I’d seen it before, but it was after listening to some excellent usage of the technique in the songs of Simon Wood, that finally inspired me to give it a serious try myself. And what I’m talking about is ‘vertical-style’. A style of play that some say transforms the HandPan from one instrument into two. But it could equally be said to be a style that utilizes just the one instrument, but that utilizes it as a whole.

It has to be said, for me at least, after some attempt, that it’s not as easy as the guys in the attached videos make it look. But hey, “nobody ever said that it was gonna be easy!” And as a player who doesn’t feel like a natural on the HandPan, but who intends with persistence to achieve level ten awesomeness ninja skills at some point in the hopefully not too distant future. I know vertical-style, is something that with (lots) of practice, I’m going to need to master.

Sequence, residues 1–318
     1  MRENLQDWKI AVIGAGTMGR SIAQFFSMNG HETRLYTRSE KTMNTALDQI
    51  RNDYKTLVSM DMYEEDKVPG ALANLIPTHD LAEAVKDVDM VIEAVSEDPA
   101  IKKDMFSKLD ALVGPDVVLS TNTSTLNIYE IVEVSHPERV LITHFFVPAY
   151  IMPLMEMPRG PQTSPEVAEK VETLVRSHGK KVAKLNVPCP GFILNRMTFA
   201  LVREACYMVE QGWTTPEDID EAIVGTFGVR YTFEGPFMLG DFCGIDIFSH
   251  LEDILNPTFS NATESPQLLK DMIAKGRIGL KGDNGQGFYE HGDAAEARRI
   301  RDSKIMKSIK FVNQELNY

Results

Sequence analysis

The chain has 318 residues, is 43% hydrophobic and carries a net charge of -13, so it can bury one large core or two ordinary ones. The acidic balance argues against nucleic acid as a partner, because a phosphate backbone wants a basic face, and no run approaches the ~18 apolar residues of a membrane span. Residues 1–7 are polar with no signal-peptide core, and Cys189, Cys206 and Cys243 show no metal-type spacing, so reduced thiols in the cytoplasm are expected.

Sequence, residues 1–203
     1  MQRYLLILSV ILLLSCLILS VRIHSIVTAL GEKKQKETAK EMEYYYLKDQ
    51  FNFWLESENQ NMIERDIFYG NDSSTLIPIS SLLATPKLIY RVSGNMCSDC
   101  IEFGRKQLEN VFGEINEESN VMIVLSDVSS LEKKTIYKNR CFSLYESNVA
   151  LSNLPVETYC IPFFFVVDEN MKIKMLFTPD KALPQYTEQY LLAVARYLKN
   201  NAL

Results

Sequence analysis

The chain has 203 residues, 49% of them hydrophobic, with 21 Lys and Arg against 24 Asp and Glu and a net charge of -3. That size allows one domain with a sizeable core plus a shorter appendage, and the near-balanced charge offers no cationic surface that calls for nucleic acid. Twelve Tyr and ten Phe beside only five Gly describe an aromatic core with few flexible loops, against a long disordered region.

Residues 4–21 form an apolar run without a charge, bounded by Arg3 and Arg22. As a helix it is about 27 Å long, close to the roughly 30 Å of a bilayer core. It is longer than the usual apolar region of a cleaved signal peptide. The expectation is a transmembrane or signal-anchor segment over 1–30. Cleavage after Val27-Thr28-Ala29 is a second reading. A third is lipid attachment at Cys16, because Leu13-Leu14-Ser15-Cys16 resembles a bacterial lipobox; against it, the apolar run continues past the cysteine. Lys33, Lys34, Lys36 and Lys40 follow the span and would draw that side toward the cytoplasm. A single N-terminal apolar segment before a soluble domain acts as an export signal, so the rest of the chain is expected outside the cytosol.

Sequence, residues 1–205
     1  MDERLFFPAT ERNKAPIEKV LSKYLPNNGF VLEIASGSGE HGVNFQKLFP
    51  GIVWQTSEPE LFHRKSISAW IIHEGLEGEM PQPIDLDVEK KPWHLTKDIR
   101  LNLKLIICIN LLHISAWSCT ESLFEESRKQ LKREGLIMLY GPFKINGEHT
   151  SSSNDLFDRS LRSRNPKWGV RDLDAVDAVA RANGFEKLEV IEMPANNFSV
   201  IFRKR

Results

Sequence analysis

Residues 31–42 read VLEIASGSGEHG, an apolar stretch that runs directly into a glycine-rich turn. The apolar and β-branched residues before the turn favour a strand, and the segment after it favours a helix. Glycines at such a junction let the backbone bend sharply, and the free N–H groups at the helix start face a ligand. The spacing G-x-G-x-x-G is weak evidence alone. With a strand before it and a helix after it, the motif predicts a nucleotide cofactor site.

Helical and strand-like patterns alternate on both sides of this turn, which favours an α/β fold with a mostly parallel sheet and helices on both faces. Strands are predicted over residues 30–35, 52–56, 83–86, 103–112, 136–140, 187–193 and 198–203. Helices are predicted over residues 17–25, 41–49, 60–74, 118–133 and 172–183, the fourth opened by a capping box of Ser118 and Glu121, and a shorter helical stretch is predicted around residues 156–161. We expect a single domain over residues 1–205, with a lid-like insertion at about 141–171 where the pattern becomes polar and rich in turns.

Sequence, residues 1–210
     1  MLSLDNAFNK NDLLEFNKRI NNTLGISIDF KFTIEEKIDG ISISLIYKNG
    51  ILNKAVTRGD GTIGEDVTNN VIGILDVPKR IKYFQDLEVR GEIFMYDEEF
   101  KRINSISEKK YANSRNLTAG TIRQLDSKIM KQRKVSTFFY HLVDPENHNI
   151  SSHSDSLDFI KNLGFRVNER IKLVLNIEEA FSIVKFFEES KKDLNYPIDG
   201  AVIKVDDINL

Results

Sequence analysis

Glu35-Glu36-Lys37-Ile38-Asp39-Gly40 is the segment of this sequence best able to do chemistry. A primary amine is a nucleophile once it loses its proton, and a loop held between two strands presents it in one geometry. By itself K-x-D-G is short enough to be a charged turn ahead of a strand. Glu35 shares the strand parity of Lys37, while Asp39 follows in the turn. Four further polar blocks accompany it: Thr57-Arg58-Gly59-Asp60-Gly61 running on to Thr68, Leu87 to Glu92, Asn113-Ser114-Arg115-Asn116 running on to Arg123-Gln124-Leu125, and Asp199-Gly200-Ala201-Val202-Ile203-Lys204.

Thoughts on Playing Vertical-Style:
* Feels like an increased chance of damaging your HandPan, with it balanced on its side (go careful).
* Opens up the bottom, but (for me) limits access to many of the top notes.
* Sounds better (imo) on HandPan with a tuned GU (or Gu-like opening).
* Sounds AMAZING when done well.
Anyways, this post is not intended to teach you how to play vertical-style HandPan (though watching the embedded videos over and over, certainly isn't going to hurt). But is instead intended to open your eyes to an alternative style of play. Should you have previously not been aware of it.
Have fun. :)

[NOTE] Colin Foulke's DVD 'Intermediate to Advanced HandPan Techniques', gives excellent instruction in the style of Vertical Play, More info here.